Well, the message I'm receiving is that you don't follow the news too closely since seven out of nine of the council members, along with the Democratic Party, have called for him to resign.

I thought that was the case (not the exact numbers but the general wind direction) but am happily willing to admit my ignorance of local San Diego city politics.
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#62 Aug 02 2013 at 7:28 PM Rating: Excellent
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Contrary to what you believe, San Diego isn't the center of the universe, but Google still seems to work.
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#63 Aug 02 2013 at 7:40 PM Rating: Excellent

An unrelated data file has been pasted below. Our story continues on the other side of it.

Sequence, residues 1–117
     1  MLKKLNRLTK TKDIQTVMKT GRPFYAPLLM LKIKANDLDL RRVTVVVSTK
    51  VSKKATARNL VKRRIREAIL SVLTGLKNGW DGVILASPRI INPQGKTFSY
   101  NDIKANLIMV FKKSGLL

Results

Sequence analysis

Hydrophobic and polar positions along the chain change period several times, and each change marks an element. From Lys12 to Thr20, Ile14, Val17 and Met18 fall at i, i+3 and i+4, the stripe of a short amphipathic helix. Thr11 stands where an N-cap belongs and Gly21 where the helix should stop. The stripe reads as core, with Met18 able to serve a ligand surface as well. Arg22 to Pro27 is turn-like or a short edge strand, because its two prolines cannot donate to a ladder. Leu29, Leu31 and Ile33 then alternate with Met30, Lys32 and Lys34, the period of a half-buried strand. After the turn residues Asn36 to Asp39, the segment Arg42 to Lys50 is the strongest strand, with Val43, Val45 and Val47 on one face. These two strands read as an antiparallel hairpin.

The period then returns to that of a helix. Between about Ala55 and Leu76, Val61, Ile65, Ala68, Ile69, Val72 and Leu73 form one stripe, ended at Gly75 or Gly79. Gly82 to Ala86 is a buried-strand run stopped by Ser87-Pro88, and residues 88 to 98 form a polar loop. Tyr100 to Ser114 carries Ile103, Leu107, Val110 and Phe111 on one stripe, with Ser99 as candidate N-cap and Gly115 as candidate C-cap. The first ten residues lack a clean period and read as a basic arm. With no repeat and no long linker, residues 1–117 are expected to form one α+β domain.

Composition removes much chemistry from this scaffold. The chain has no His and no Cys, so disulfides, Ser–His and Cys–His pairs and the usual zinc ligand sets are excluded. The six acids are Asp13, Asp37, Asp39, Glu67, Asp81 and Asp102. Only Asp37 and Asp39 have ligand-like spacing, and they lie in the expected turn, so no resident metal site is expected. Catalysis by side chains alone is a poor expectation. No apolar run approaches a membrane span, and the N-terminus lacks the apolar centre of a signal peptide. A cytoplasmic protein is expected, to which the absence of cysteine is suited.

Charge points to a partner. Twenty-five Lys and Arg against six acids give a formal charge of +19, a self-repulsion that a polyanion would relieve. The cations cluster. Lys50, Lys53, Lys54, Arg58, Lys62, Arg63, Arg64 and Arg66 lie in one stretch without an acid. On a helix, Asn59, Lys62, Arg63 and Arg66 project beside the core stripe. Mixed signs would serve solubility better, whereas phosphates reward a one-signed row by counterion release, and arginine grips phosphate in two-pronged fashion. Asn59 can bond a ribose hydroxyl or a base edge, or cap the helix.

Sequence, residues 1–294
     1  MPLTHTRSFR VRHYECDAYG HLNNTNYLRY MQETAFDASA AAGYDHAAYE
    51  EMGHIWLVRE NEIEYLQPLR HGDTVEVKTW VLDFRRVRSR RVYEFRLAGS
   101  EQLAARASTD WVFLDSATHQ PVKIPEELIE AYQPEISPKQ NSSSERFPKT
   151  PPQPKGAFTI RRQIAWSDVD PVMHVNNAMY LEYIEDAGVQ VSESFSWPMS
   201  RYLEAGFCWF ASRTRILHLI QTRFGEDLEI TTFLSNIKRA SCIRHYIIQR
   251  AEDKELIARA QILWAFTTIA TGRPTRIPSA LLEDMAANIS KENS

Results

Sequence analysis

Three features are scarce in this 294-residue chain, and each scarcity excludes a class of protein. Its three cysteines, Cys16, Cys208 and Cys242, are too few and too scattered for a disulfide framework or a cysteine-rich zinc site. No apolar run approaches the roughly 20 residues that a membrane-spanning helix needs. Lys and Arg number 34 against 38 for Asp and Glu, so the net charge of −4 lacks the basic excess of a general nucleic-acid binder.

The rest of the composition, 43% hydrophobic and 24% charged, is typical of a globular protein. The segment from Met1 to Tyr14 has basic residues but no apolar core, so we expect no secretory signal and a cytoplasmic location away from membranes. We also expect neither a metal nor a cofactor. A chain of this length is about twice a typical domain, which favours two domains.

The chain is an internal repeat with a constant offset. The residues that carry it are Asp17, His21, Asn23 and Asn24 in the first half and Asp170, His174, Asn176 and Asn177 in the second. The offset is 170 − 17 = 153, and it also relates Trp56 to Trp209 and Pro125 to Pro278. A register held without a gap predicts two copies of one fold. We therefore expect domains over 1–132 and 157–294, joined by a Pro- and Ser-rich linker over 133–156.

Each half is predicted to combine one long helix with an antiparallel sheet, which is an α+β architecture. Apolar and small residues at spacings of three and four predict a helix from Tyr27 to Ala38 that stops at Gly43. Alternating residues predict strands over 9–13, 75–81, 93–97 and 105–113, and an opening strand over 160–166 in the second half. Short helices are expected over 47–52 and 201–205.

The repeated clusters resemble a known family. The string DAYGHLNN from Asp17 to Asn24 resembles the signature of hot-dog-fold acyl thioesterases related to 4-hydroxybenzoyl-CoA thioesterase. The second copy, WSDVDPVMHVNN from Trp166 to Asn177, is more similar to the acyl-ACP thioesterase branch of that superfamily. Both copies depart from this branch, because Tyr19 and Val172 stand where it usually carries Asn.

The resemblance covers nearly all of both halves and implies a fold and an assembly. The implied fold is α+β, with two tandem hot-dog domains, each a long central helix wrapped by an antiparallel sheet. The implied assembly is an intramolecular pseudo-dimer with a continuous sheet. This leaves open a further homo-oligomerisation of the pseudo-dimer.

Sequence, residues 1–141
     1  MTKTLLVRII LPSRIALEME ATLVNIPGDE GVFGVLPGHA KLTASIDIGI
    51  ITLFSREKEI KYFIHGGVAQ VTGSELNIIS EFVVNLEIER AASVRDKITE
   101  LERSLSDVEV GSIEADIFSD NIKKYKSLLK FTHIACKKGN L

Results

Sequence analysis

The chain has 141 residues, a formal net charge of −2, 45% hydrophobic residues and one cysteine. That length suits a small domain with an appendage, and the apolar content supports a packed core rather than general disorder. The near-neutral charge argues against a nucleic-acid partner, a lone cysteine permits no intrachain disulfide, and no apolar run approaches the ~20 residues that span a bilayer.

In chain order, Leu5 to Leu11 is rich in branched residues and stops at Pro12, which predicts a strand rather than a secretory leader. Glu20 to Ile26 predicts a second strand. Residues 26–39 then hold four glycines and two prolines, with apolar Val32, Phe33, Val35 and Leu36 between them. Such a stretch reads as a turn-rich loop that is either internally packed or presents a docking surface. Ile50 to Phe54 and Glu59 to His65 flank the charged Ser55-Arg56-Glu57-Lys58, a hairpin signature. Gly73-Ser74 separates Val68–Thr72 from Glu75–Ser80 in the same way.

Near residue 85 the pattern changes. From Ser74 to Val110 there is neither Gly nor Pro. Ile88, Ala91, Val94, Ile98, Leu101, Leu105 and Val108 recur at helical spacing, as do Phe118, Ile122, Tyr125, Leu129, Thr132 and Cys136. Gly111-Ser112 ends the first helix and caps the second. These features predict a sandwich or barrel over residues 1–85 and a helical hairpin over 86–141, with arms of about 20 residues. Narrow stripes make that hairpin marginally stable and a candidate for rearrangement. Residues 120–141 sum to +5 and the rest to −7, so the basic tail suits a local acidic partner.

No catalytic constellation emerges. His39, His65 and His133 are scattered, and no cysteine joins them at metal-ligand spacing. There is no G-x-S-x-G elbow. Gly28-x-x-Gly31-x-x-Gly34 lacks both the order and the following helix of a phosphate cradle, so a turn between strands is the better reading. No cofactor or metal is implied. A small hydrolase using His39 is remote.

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Goes back to my general lack of interest. The only reason I know the little bit about the story as I do is because updates pop up on Political Wire.
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#64 Aug 04 2013 at 3:42 AM Rating: Excellent
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Quote:
Among other claims, she says he asked her to work without wearing underwear.

No. Just No.
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#65 Aug 04 2013 at 5:12 AM Rating: Default
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Aripyanfar wrote:
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Among other claims, she says he asked her to work without wearing underwear.

No. Just No.


Easy access? Then again, even if you're down with getting it on in the office, how hard is it to slide off underwear? The ease of access isn't worth the lack of comfort, unless you're a Soldier in the field.
#66 Aug 04 2013 at 6:38 AM Rating: Excellent
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Almalieque wrote: